Ken has published his first statutory housing strategy setting out what he’d like to achieve over the next few years. At this stage its in draft form, so you (and I) can send in our comments on what is in it and how it should change.
Given that the Mayor now has direct responsibility for London’s affordable housing budget worth over £1 billion a year the strategy is as ambitious as you’d expect.
In an email that was sent to members of the Labour Party in London Ken says:
As well as reinforcing the London Plan target that fifty per cent of all new homes in the capital should be affordable, the strategy introduces measures to increase the supply of affordable family-sized homes. It will quadruple the number of new larger homes for low cost home ownership – providing many more opportunities for families on modest incomes who want to get on the property ladder.
The strategy will ensure that public funding is only given to new homes meeting high standards of environmental performance and will expect new larger developments to deliver additional environmental benefits, such as combined cooling, heat and power.
He goes on to point out that his period in office has seen the numbers of new homes rise from 17,000 a year in 2000 to 28,000 last year (which exceeded the target that Ken had set in 2004, something that many saw as ambitious).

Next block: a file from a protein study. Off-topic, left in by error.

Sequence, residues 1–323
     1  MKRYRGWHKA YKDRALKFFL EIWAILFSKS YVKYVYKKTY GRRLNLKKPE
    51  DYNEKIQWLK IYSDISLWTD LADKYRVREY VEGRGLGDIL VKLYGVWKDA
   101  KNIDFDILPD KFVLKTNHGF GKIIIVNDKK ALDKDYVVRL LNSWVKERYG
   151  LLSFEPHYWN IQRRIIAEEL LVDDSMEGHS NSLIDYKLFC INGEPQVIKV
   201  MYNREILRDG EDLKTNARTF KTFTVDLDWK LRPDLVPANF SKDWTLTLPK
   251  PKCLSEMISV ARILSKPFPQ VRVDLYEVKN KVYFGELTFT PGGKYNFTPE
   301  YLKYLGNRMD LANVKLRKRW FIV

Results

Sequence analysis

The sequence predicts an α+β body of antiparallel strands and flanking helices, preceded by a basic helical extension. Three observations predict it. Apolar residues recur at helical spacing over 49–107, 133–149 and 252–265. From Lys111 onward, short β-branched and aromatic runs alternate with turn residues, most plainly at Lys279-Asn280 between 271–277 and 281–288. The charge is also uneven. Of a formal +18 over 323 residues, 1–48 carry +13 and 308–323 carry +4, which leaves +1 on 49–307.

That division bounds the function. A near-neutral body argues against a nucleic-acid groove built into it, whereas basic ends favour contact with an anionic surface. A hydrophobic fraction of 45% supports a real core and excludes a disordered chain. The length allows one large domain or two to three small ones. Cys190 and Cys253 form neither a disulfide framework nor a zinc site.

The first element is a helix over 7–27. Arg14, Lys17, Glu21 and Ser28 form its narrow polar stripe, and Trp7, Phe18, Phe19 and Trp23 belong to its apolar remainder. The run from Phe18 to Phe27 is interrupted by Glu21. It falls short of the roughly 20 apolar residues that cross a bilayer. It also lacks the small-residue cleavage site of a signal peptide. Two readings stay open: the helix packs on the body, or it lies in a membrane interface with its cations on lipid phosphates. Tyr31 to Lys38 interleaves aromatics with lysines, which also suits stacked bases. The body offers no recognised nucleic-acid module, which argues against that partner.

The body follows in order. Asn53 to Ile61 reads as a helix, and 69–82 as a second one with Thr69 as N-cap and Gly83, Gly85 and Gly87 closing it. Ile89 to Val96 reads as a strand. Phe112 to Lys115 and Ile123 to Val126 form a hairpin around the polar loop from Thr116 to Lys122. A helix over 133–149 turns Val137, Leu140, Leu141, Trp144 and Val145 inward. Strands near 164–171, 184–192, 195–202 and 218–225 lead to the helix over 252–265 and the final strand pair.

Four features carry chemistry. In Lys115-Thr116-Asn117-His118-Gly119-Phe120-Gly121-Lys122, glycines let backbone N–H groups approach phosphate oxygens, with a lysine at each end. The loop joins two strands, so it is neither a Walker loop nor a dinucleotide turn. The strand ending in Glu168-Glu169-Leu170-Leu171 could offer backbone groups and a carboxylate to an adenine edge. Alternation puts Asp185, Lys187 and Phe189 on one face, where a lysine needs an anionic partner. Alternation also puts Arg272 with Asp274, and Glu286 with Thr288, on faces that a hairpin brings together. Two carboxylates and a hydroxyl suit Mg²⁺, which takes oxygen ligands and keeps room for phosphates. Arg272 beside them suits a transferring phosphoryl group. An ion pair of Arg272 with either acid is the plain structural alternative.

The draft strategy says about the coming period:
This strategy and Strategic Housing Investment Plan will increase the output of new affordable housing by 50 per cent, resulting in more than 50,000 new affordable homes being delivered between 2008 – 2011…
The strategy will enable more family homes to be built, especially in the affordable sector where the need is greatest and where new supply has been limited in recent years. It sets a new target that 42 per cent of new social rented homes and, by 2010/11, 16 per cent of new intermediate homes, should have three bedrooms or more…
Thirty eight per cent of London’s carbon emissions come from homes and the Mayor wants to see emissions from housing decrease by 30 per cent by 2025. This is a major challenge, and one that can only be achieved by both maximising the environmental performance of new homes and improving that of the existing stock.
It also talks about tackling homelessness and overcrouding and sets out the structures that Ken expects to deliver the strategy.
Should you have comments on the strategy it looks like you’ve got three months to make them.